True Confessions: My 3-pairs-of-shoes week

shoe-houseI’m going to tell you a story about shoes.  Well – it sort of has shoes as a main player in the story but truly it’s about finding my way, one foot at a time.  Even in my determination to withdraw from over-consuming I bought 3 pairs of shoes in one week just a few weeks ago, and so am feeling that I need to confess.  Being Jewish, it’s far too long to wait until next Yom Kippur (our standard confession season) so if you don’t mind I’m going to do my confessing here.

One recent  morning  I was chatting with some of the other women in my crack-of-dawn aquafit class as I sat mbt-blue-sneakersputting on my MBT shoes (these are truly miraculous; you roll when you walk and your whole body feels so much better.  Since I’ve been having such problems with arthritis in my metatarsals these are the only shoes I can wear that don’t hurt my feet).  I bought these MBT sneakers a little more than a year ago and quickly went out and bought a pair of MBT sandals mbt-sandalsmbt-sandals1mbt-sandalsfor the summer.   A few months later I bought another pair of MBTs;  this time a pair I could wear in the fall .   Thing is, they didn’t have these shoes in my size; they’re so popular that they always sell out pretty quickly.  So I boughtmbt-suede-shoes1 them 1/2 size too small with encouragement from the salesman that they’d likely stretch.  After all, it was only 1/2 size and I could barely feel my toes hitting the end of the shoe.    I remember when I was a teenager and I bought a pair of fabulous Capezio shoes that looked just like ballet slippers; bought them a full size too small and they stretched and became my favorite pair of shoes for several seasons.  Anyhow – long story short – the MBTs never stretched and I found myself pretty much never wearing them since after an hour or so my feet would be in agony.  

Time passed … until that morning when I found myself in the Y tying my MBT sneakers.  One of the other women asked me if I knew that a shipment of new MBT sandals had arrived; they were at a shop just a few blocks from the Y.  So, once I’d finished my workout, I decided to head up and see if I could snafu a pair before they were all gone.  I arrived at the store at 9 a.m. but they didn’t open until 10.  There was someone inside at the counter so I knocked on the door and when she came I asked if they had the new MBT sandals in my size.  With what my mother would call a “sour puss” she responded that I’d have to wait until 10 for her to check the stock.   I haven’t bought any shoes in months and months, I wasn’t in too much of a hurry, so I waited.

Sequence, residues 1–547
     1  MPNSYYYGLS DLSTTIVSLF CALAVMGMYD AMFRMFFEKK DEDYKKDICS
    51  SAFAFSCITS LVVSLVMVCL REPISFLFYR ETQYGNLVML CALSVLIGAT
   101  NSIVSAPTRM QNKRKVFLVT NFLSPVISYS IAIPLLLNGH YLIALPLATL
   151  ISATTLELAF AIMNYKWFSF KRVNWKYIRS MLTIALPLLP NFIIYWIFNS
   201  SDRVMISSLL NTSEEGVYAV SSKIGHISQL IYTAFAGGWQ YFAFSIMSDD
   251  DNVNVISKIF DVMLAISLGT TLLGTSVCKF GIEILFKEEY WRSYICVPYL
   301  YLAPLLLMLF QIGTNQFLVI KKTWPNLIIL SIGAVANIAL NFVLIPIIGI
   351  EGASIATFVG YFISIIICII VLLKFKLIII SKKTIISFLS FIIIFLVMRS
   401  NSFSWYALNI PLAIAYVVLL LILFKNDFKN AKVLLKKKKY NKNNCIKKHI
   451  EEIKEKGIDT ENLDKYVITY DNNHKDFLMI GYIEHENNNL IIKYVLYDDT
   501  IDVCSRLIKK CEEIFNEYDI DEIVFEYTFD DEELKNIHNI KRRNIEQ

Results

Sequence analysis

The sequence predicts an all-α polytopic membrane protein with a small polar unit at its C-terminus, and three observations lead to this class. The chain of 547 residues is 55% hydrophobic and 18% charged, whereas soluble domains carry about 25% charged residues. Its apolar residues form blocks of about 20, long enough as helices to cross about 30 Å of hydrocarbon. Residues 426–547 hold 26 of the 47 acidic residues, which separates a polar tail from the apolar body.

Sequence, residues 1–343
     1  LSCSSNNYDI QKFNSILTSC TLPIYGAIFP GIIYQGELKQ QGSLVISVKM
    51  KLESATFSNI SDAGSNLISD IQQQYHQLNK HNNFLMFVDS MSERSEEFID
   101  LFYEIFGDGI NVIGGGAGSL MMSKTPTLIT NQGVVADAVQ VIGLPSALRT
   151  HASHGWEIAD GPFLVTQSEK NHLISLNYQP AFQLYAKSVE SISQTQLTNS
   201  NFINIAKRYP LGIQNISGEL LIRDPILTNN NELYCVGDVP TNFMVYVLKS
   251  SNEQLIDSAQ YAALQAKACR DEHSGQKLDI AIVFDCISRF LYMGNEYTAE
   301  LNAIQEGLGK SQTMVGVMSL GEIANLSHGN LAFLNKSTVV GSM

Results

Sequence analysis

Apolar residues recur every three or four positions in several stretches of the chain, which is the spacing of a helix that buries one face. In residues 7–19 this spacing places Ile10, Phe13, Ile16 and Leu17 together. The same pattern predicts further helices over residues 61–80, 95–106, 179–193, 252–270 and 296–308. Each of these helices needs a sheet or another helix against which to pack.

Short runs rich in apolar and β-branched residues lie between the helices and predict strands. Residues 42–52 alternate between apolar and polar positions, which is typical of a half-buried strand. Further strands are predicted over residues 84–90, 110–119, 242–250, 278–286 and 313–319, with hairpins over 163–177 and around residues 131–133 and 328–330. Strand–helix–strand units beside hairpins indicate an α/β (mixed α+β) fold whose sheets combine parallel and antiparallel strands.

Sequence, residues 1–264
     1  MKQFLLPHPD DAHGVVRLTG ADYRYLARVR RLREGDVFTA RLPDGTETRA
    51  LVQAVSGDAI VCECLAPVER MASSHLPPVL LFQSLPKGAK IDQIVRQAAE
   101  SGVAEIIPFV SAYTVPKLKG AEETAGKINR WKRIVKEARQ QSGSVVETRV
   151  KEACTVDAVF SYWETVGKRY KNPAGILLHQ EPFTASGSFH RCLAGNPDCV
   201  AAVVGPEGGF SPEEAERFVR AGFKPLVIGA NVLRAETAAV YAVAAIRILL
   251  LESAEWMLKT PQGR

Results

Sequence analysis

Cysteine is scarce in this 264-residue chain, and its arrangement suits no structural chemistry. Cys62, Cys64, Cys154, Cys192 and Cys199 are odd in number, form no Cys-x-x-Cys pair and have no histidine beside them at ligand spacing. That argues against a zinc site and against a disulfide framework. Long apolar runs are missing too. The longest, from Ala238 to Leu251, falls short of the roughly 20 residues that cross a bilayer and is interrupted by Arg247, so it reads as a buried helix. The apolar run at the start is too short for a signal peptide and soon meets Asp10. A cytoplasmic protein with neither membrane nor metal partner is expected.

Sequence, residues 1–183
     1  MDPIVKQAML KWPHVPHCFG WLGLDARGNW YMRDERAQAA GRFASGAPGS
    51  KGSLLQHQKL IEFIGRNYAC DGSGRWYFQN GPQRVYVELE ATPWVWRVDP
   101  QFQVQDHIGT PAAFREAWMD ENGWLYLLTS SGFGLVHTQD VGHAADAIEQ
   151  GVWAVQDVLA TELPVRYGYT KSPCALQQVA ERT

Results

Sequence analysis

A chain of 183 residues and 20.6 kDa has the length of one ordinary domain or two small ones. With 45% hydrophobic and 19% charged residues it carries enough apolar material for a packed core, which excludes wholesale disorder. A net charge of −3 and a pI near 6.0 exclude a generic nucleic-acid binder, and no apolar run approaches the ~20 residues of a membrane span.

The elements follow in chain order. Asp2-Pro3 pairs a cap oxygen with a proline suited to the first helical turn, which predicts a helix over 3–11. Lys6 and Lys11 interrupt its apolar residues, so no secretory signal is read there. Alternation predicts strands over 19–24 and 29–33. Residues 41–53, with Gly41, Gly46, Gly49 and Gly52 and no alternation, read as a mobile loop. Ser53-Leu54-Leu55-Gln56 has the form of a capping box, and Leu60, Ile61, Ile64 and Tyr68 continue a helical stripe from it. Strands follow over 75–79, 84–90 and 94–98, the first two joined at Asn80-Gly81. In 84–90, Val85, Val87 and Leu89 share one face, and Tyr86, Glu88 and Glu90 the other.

peaceful-penguin1Here’s where my new-found sense of peacefulness set in.  Yes – imagining penguins does work for me as a reminder of what peacefulness means.  Anyhow, ” Come back in an hour” to get the answer to a question she could have answered right then with a quick glance at the computer screen right in front of her would have once put me around the bend.  Instead, I walked to a nearby bookstore, bought a book, bought a coffee … spent the hour relaxing and reading and sipping my Starbucks.  

At 10 I returned to the shoe store to find out that they didn’t have any left in my size.  There was another store in Toronto that had them in a 39 (my size) and a store in Oakville (a town about 40 minutes away; this is where David has his law practice) that had them in a 38.  So … off I went to see if the 39s were going to fit (we’d also held a pair in Oakville just in case and David was on-call to pick them up for me if necessary … helpful fella that he is). 

When I arrived at shoe-store #2 that day I was immediately offered a bottle of water.  What a change from the treatment I’d received earlier in the day.  I commented on what had happened earlier and before I knew it I was having a chat with the regional manager for the entire chain of shoe stores.  By the time I left that shop a number of things had transpired.  

I bought the new white sandals (they are lovely).  I’d agreed to bring back the shoes that were too small and have them replaced with ones that actually fit properly (okay – that’s not quite a purchase but it is a new pair of shoes).  I’d also bought a pair of beautiful green sandals to wear to my great-niece Tari’s Bat Mitzvah in California in a couple of weeks.

Coming home with three pairs of shoes definitely left me squirming.  I can rationalize all I want but clearly this is excessive.  That said, maybe it is just a part of who I am and I need to be a little more gentle with myself about this change.  That said, how will things be any different if I don’t change my consuming habits?  

Another part of the process I guess.  Thanks for listening.

As I packed for my great-niece Tari’s Bat Mitzvah in California, I went through the bins of summer clothes I’ve stored away for the winter; seemed like a good time to give away a dozen or so pairs of sandals that I’ll never wear again.  Anybody wear a size 8.5 and want sandals in many colours/styles

Well – enough frivolity.

Now it’s time to sit down and finish thinking through – seriously – what I’ve learned in the last six months; my first six months in retirement.